The first leg of my trip included some very nice restaurants, which felt worthy of bringing a jacket. There was no way I was getting out of saving that suitcase space.
I strategized on types of clothes which would be good to wear in multiple types of weather and be quick drying. I certainly wasn’t bringing 3 weeks worth of clothes. I would be washing clothes in the sink almost every night, rotating them out, as well as regular laundry with my friend in Germany.
I didn’t want to dress like I was a tourist from California, with quintessential flip flops, tshirt, and cargo shorts. No, I wanted to stand out a little less with button downs and chinos.
2 pairs of pants to alternate each day, wool socks for easy washing, 5 shirts from business casual to dressy, a pair of dress shoes, hiking shoes, and flip flops.
It would have been great to have one less pair of shoes, but with the desire to both hike and go to nice places, I was stuck. The flip flops were great to drive in and let my feet breathe. Plus, they doubled as potential beach-goers.
The Sixth Unplan – Retrospect
Unplanning a multi-country trip through Europe was incredible. I felt like I did a pretty good job preparing to not prepare or plan. There is very little I would have changed. I would have made sure to renew my SIM card before it expired.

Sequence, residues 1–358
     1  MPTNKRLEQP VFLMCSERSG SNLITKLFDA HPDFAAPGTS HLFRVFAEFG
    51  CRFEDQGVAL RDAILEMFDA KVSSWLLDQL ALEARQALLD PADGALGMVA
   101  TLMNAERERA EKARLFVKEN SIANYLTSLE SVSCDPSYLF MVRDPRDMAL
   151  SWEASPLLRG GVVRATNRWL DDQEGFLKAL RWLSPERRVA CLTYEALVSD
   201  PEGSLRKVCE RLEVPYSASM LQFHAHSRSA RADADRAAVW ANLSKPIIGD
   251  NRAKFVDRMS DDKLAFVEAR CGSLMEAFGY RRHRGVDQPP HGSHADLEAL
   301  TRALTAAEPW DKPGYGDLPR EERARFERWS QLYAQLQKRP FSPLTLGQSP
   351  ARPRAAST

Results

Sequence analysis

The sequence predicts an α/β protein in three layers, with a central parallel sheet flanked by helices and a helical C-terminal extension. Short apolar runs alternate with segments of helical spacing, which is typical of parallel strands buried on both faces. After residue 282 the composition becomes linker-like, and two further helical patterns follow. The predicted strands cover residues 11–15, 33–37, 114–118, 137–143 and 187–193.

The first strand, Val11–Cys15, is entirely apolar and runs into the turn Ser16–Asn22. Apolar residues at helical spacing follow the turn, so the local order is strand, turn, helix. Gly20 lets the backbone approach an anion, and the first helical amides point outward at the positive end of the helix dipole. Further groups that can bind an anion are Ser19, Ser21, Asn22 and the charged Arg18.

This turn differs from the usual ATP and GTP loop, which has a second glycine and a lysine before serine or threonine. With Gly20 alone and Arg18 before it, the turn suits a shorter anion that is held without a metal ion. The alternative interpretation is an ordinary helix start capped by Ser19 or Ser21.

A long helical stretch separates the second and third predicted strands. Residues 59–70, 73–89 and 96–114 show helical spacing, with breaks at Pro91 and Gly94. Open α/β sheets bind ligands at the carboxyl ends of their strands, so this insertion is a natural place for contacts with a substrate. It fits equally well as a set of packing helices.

I would have brought a few less clothes, but perhaps I would have needed the extra clothes if it wasn’t raining so much during my trip. In fact, it rained during at least 14 days of the trip.
With my packing strategy, I was able to carryon both suitcase and backpack on the plane, however, after loading up with multiple bottles of delightful goodies, I had to check my bag with a lot more weight. I hadn’t considered checking on the way home, or I may have just checked both ways and brought a slightly bigger suitcase.
During the course of my trip, my phone caught on fire, causing me to have to buy a new one. My SIM card stopped working due to not reading fine print and instructions. I came down with a terrible sickness for a few days, which then stuck with me mildly the rest of the trip. I had to navigate multiple countries without GPS nor map. I couldn’t find a place to stay one night. The entire trip was insurmountably rewarding. I loved the adventure.
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I strive to paint vivid landscapes with my words, bringing the magic of far-off lands and enchanting aromas to life for my readers. Combine passion for exploration and the art of gastronomy in an unending ode to the senses. When I’m not traversing the globe, I find solace in the earth beneath my fingertips, tending to my garden and working on projects around my verdant oasis. MK Library serves as a beacon, guiding fellow travelers and homebodies alike to embrace sustainability, nurturing both our planet and our souls with purpose. Full Bio.